Adam: Right! It was shown on TV once and then never mentioned again. So listened to it again today, to that sharp fade out, and then played More Joy straight afterwards – and I for one hope they are back-to-back on Future Past.

Ben: I heard GIAU today as well. There are interesting lyrical similarities. They are references to the bigger picture: “Knowing that the world will keep on turning on and on.” Then on More Joy we “lightening strikes a kiss between this world and yours.” I think that is fantastic writing, and I hear Simon going into that abstract world, like on Face For Today: “the whole world is an ink spot on a plastic spoon.” He conjures up these images without being hackneyed. The musical structure is similar between the tracks, with minimal music before they build.

Adam: I found Invisible and GIAU were a coherent couple, and I find More Joy takes our Future Past unfolding experience to another level. It makes me even more excited for the album.

Ben: From a marketing perspective it has been disappointing no one has been able to buy anything yet – a 7” single of Invisible would have sold. Presumably the strongest track will be ready for release slightly ahead of Future Past – when people can actually click and buy something.

Adam: Is the phrase ‘Moroder banger’ heading its way to our conversation?

Ruth: Was this the banger? (laughs) Well why not? Our fear is we’re heading towards Last Night In The City with the word ‘banger’, but maybe it was this track?

Ben: I wonder if Give It All Up was put out there in a shortened form knowing it’s not going to get amplified globally beyond the fan base – maybe that is being held back for a big release? Thinking back, the idea in the past was push the lead single and album at once. Falling Down was a week or two before RCM, and then that was the end of the album campaign. With this, every track is feeling fresh, gets shared, and then there is a sustained interest. We are here talking about the third song from the album – back with Astronaut and RCM we got all of the tracks at once. With Paper Gods they dropped 4 or 5 songs on You Tube, but this has more of a chance of sustained interest, including from casual fans.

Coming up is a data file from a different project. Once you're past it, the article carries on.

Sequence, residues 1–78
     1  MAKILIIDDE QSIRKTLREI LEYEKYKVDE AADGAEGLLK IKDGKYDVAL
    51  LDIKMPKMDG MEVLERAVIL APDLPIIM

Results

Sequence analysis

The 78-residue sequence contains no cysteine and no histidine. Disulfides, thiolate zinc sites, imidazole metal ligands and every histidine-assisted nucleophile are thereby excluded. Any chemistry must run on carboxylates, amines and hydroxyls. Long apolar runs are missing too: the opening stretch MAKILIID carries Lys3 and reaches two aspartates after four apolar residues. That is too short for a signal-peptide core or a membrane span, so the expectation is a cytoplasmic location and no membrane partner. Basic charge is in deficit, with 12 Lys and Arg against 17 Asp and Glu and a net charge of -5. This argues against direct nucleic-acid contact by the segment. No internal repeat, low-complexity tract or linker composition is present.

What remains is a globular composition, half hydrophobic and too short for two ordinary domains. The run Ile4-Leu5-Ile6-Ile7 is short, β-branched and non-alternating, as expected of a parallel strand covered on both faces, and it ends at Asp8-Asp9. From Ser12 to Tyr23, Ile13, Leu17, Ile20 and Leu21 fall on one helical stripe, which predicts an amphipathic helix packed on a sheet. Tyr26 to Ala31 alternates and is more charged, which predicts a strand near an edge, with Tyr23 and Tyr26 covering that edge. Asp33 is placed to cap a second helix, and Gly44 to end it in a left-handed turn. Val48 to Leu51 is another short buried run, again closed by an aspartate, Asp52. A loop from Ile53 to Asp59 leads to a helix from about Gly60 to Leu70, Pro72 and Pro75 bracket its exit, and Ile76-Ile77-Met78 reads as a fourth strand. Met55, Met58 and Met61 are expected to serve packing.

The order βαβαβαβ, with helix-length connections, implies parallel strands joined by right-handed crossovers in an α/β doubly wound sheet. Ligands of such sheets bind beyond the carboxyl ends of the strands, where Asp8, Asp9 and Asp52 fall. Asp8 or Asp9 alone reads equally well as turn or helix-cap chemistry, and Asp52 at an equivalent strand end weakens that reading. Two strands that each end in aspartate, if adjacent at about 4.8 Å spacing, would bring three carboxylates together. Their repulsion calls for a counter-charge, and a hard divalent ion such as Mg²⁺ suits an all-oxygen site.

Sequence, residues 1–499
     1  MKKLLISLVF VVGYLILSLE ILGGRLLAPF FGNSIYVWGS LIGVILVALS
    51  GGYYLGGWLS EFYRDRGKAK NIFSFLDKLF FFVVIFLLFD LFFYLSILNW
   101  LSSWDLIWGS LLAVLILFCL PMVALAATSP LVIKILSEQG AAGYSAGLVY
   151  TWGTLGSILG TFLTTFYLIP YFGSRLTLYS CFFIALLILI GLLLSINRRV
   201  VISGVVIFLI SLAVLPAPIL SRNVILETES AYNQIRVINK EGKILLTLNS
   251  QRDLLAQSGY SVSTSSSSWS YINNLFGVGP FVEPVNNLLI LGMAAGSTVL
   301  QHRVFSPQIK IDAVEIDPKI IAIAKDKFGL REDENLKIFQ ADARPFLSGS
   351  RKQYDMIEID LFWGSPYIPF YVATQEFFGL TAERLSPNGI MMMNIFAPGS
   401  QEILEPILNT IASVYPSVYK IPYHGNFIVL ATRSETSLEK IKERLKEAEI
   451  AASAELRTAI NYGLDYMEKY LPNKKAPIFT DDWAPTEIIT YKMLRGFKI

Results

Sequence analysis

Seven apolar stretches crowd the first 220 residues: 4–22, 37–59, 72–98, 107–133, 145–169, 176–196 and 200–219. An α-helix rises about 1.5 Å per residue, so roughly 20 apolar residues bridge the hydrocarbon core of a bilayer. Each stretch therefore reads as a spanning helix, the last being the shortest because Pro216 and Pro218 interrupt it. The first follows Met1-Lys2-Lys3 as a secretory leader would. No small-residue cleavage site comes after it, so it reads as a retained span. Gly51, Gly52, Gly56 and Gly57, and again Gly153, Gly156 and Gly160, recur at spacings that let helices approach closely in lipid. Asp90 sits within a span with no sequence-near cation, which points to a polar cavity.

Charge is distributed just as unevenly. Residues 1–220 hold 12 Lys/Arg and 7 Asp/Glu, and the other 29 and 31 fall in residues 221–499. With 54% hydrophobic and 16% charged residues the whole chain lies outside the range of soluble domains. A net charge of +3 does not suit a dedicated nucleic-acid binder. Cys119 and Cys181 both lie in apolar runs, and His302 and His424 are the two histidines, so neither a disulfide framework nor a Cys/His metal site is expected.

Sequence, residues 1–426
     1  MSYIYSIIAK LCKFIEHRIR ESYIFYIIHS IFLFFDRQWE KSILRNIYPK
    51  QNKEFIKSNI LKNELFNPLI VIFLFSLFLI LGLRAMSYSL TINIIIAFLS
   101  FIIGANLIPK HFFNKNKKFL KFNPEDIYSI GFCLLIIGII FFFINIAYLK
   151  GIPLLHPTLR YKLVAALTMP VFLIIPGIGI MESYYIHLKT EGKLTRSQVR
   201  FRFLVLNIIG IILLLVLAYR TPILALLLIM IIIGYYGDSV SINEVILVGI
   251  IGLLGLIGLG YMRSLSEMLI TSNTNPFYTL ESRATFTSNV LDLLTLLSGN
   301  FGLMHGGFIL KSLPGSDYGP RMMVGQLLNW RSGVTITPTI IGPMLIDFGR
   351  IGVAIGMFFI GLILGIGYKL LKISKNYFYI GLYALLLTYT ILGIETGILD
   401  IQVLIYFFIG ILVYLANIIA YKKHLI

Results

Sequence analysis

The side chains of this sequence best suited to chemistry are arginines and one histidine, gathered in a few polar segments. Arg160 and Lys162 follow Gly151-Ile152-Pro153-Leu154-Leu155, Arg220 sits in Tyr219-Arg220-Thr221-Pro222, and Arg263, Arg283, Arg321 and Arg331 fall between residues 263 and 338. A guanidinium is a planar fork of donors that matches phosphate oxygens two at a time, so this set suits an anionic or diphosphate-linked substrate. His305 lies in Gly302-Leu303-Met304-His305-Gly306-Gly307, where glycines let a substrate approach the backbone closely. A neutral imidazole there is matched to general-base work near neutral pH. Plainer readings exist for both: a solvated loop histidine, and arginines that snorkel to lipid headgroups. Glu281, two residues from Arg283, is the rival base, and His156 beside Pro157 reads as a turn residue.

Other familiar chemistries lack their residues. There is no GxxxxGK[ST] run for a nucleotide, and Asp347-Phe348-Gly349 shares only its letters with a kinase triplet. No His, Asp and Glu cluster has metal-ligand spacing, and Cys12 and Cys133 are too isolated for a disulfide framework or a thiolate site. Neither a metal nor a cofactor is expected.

Adam: I thought the intro reminded me of Valentine Stones. Any other thoughts of ‘what does this sound like’?

Chris: Hothead meets Nightboat; Palomino meets Yo Bad Azizi – no, I certainly heard Valentine Stones as well. And I heard some Hallucinating Elvis at the end with the distorted voices.

Ruth: I heard Blur and Roxy Music in it. Lyrically quite Seven and the Ragged Tiger being intentionally mysterious.

Adam: I also heard a New Wave vibe from the drums and synths, halfway through I thought it could kick on to a Depeche Mode track.

Ben: Early Eurythmics, Secret Garden / Sweet Dreams era.

Adam: I’m interested that it has been leaked to be track 11, on a 12-track album. On hearing this, I’d naturally assume it would be track 2 or 3 to get the album moving. Thinking of other penultimate tracks (forgetting various bonus additions), I’m thinking Winter Marches On, Venice Drowning…